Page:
By Alan Baldwin
LONDON (Reuters) - Bernie Ecclestone's 40-year reign as Formula One's commercial supremo ended on Monday with the sport's new owners Liberty Media replacing the 86-year-old Briton with American Chase Carey.
Signaling the end of an era, Liberty said in a statement that it had completed the acquisition of Formula One and appointed Chairman Carey to the additional role of Chief Executive.
Ecclestone will become 'Chairman Emeritus', with Liberty saying he would remain "available as a source of advice for the board of F1".
Liberty also named two managing directors -- former Ferrari technical director and ex-Mercedes team boss Ross Brawn for motorsports and former ESPN executive Sean Bratches for commercial operations.
Both roles had been widely signaled in media reports.
"I’m proud of the business that I built over the last 40 years and all that I have achieved with Formula One," Ecclestone said in the statement. "I am sure that Chase will execute his role in a way that will benefit the sport."
Liberty Media president and CEO Greg Maffei said Carey, 62, would lead the business from now on and thanked Ecclestone for his "tremendous success" in transforming Formula One into a $1 billion business.
"There is an enormous opportunity to grow the sport, and we have every confidence that Chase, with his abilities and experience, is the right person to achieve this," he said.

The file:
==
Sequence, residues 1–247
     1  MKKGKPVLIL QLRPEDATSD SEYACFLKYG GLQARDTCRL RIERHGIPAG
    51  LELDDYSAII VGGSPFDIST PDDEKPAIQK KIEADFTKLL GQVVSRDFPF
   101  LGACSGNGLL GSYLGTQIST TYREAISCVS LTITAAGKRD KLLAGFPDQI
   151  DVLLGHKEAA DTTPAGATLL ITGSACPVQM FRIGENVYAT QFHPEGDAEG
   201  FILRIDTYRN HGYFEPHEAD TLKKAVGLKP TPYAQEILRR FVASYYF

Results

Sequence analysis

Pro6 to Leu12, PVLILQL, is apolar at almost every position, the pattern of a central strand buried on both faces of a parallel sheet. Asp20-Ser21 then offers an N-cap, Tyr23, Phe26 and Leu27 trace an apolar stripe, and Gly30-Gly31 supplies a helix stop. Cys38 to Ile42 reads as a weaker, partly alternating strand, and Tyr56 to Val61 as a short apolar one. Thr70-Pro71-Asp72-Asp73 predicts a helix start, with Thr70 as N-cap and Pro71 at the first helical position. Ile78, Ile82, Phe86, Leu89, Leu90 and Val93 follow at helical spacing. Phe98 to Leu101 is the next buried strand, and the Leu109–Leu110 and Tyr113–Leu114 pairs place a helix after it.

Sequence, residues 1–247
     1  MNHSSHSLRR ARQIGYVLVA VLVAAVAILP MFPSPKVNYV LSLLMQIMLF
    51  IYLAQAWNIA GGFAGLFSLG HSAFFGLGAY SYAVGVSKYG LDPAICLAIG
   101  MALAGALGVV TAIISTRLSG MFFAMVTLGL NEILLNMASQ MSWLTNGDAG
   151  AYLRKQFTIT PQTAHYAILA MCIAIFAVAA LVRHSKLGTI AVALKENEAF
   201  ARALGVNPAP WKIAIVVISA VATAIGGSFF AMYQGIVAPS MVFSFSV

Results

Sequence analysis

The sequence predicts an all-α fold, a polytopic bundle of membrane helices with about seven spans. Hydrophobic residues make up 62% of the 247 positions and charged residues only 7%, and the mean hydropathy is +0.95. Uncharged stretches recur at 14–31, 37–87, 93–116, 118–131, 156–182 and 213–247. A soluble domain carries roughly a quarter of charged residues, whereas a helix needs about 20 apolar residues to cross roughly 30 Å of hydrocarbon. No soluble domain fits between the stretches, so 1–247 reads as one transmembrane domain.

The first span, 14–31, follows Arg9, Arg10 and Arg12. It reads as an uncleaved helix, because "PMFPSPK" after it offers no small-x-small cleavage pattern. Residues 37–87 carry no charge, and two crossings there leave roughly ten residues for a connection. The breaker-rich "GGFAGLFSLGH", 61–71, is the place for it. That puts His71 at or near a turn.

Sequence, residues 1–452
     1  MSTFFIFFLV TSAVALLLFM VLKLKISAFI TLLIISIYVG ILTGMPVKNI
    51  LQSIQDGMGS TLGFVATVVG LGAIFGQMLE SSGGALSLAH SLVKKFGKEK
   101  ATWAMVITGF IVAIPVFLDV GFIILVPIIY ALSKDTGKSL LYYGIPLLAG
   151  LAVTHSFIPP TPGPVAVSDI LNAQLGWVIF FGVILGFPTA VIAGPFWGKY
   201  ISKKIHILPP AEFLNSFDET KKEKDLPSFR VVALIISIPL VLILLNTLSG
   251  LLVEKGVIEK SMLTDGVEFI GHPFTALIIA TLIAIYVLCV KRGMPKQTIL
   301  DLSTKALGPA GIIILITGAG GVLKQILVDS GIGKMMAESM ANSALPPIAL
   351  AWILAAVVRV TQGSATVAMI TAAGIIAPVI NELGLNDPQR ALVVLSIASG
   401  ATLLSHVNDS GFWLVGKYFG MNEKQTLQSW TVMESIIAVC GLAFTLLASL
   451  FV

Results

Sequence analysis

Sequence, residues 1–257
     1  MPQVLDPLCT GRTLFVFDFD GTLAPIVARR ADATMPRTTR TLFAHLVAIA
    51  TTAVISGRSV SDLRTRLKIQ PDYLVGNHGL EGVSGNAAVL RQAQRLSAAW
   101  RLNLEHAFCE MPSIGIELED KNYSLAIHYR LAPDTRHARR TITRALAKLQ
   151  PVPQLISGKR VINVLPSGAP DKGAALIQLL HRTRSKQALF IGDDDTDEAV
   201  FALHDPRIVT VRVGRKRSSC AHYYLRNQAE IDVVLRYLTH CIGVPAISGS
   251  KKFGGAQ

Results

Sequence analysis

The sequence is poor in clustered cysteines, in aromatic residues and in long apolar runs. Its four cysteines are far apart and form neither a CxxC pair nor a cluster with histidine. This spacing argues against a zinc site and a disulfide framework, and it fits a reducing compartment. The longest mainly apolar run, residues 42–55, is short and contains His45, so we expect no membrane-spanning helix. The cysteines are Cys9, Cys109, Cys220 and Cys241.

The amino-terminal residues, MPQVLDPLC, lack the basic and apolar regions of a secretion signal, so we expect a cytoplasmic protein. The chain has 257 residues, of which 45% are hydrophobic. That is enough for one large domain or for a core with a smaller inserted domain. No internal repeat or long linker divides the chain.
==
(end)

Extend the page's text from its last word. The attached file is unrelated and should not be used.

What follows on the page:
The takeover, valued at $8 billion including debt, has been broadly welcomed in a sport featuring famous car brands such as Ferrari, McLaren and world champions Mercedes and which has the Monaco Grand Prix as its jewel in the crown.
Carey has spent his time since September familiarizing himself with the sport, and has made clear that fundamental changes need to be made to the business model.
Formula One currently lacks a marketing department and has derived much of its revenue from television rights and race hosting fees, with Ecclestone making the deals.
"F1 has huge potential with multiple untapped opportunities," said Carey.
"I have enjoyed hearing from the fans, teams, (the sport's governing) FIA, promoters and sponsors on their ideas and hopes for the sport. We will work with all of these partners to enhance the racing experience and add new dimensions to the sport."
Ecclestone took the F1 circus to new destinations, such as Azerbaijan and Bahrain, that were prepared to pay handsomely to host a round of the championship even if they lacked the motorsport heritage of historic European circuits.
He has controlled every aspect of the paddock, however, and teams and fans have long chafed at the lack of a digital strategy and the focus on maximizing profits rather than developing the sport.
Liberty, owned by U.S. cable TV mogul John Malone, has emphasized the importance of traditional European venues and wants to expand in the Americas.
"My days in the office will be somewhat quieter. Maybe I'll come to a Grand Prix. I still have lots of friends in Formula One," Ecclestone had told Germany's Auto, Motor und Sport before the announcement.
"I have enough money to be able to afford to visit a race."
(Reporting by Alan Baldwin, Editing by Ken Ferris)